Natural Supernaturalism: Tradition and Revolution in Romantic Literature

Natural Supernaturalism: Tradition and Revolution in Romantic Literature

by M. H. Abrams

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Product Details

ISBN-13: 9780393006094
Publisher: Norton, W. W. & Company, Inc.
Publication date: 08/17/1973
Series: Norton Library Series
Pages: 552
Sales rank: 723,488
Product dimensions: 4.90(w) x 7.90(h) x 1.40(d)
Lexile: 1600L (what's this?)

About the Author

M. H. Abrams (1912—2015) was Class of 1916 Professor of English, Emeritus at Cornell University. He received the Phi Beta Kappa Christian Gauss Prize for The Mirror and the Lamp and the MLA's James Russell Lowell Prize for Natural Supernaturalism. He is also the author of The Milk of Paradise, A Glossary of Literary Terms, The Correspondent Breeze, and Doing Things with Texts. He is the recipient of Guggenheim, Ford Foundation, and Rockefeller Postwar fellowships, the Award in Humanistic Studies from the Academy of Arts and Sciences (1984), the Distinguished Scholar Award by the Keats-Shelley Society (1987), and the Award for Literature by the American Academy of Arts and Letters (1990). In 1999 The Mirror and the Lamp was ranked twenty-fifth among the Modern Library's "100 best nonfiction books written in English during the twentieth century."

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Natural Supernaturalism : Tradition and Revolution in Romantic Literature 5 out of 5 based on 0 ratings. 1 reviews.
dmsteyn on LibraryThing 10 months ago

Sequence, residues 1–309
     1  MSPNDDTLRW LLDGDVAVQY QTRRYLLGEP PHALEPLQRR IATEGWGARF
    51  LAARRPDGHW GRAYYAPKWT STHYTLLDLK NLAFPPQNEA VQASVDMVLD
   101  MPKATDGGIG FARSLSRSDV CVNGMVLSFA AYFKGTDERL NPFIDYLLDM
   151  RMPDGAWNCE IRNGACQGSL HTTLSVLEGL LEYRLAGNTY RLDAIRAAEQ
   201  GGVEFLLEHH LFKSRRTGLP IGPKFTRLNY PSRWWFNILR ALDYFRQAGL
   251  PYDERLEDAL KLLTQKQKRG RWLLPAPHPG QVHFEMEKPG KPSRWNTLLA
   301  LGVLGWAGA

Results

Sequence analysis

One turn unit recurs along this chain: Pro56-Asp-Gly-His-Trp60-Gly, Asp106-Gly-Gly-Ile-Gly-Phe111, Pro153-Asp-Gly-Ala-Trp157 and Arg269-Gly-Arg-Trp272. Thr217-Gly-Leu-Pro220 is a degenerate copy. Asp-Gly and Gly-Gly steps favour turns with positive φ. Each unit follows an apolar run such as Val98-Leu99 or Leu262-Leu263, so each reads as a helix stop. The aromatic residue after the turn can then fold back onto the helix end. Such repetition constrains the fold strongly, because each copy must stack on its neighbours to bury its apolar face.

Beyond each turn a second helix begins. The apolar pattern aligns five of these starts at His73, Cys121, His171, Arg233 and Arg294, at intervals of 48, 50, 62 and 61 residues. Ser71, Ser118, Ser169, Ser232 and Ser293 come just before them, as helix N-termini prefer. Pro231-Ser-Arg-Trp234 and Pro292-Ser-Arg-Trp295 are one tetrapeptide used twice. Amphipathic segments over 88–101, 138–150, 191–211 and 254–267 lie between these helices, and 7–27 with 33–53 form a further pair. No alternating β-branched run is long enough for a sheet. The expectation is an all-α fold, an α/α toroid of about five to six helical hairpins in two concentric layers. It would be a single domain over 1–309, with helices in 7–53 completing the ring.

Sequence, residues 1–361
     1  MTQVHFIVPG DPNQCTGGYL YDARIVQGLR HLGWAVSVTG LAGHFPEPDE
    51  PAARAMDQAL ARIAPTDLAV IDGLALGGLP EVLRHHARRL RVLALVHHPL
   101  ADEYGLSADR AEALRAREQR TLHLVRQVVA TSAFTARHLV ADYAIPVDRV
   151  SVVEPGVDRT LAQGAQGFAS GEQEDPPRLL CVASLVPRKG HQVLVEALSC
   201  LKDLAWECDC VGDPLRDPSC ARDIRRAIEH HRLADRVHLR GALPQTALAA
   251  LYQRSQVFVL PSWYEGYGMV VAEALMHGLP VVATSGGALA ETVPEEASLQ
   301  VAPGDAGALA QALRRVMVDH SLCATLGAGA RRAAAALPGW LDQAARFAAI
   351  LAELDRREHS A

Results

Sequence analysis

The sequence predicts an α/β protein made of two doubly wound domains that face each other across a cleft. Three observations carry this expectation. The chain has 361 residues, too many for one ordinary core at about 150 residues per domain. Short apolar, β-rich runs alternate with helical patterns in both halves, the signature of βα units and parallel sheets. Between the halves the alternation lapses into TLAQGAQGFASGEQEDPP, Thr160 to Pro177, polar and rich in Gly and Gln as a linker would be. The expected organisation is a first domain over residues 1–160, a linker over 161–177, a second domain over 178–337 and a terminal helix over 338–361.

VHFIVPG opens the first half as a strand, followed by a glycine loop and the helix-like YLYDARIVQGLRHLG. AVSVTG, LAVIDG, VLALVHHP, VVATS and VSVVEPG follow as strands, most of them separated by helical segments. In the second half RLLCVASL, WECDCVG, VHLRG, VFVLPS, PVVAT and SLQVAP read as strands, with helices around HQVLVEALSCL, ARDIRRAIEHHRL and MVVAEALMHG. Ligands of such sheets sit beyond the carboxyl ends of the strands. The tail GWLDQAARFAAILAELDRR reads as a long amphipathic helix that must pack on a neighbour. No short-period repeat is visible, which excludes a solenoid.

After reading Abrams¿s The Mirror and the Lamp, I was eager to read more works by him. As our library had Natural Supernaturalism available, I borrowed the book a few months ago, but only got around to reading it last month. This book is just as good as The Mirror and the Lamp, if not better. It displays Abrams¿s tremendous erudition, but it seems more original than The Mirror and the Lamp, as Abrams does not quote quite as extensively in this book as in the previous one. Although this is definitely an academic book, it refrains from unnecessary jargon ¿ yes, there are some complicated terms, but Abrams always explains things that could be difficult to grasp. The book covers most of the English Romantic poets (with the exception of Byron), with whom I am fairly familiar. Abrams also deals with Romanticism as it was constellated in the German states, an aspect of the book with which I was much less familiar. Abrams also pulls his argument through to modern times (well, the 1970¿s) and looks at the influence of Romanticism on some modern writers.It would be difficult to go through everything this book covers, but I will attempt to explicate the main points of the book (as I remember them from one reading). As an overarching structure for his argument, Abrams refers constantly to Wordsworth¿s program for poetry, as set out in the `Prospectus¿ part of the preface to his The Excursion. As Abrams says in his preface, the `title, Natural Supernaturalism, indicates that his recurrent, but far from exclusive, concern will be with the secularization of inherited theological ideas and ways of thinking.¿ Abrams¿s argument is that the Romantics in both England and Germany ¿ strongly Protestant states ¿ adopted and reworked Biblical exegesis and theodicy into a secular understanding of humanity and Nature. This, although a sudden break with tradition, had a long period of fruition, as Abrams proves by going back to the Biblical text, and then following this development through time. On the way, Abrams discusses Christian psycho-biography (e.g. Augustine¿s Confessions), the influence of pagan and Christian neoplatonism, and the Western esoteric tradition. All of these traditions lead, according to Abrams, to the new conception of man and nature found in the writings of the Romantics.I enjoyed all of these excursions into Western intellectual history. I did, however, find the section on German Romanticism hard-going. This is mostly because I have not read any of the poets even in translation ¿ these include Schiller, Hölderlin, Goethe, and Novalis. I am going to read Goethe¿s Faust next year, but for now, these poets are an undiscovered country to me. I have, however, read some Hegel before ¿ unfortunately. He is obviously a very original philosopher, but the obscurity of his style would give James Joyce in finest fettle a run for his money. Even Abrams cannot make him seem worthwhile to me: it still seems like a lot of philoso-babble to me, and I did not enjoy this part of the book.I was on firmer ground with the next part of the book, which deals with the changing Romantic movement in English literature, starting with William Blake and ending with D.H. Lawrence. Abrams focuses on what he calls `The Circuitous Journey¿ in these writers¿ works ¿ the idea that a journey has to be made in order to return to where one started, but with greater insight and on a higher level. This is often represented by the Ouroboros: a snake with its tail in its mouth. Obviously, I am simplifying Abrams¿s argument greatly ¿ he has three sections of the book dedicated to this topic. It was very interesting to see how Abrams traces his argument from Blake¿s mystical writings to Eliot¿s recurring moments in the Four Quartets. These moments are further examined in section on Wordsworth¿s so-called `spots of time¿, where Abrams moves from the Romantics all the way to the Modernists, including Joyce, and even further, up to the Beatniks.This book, although not written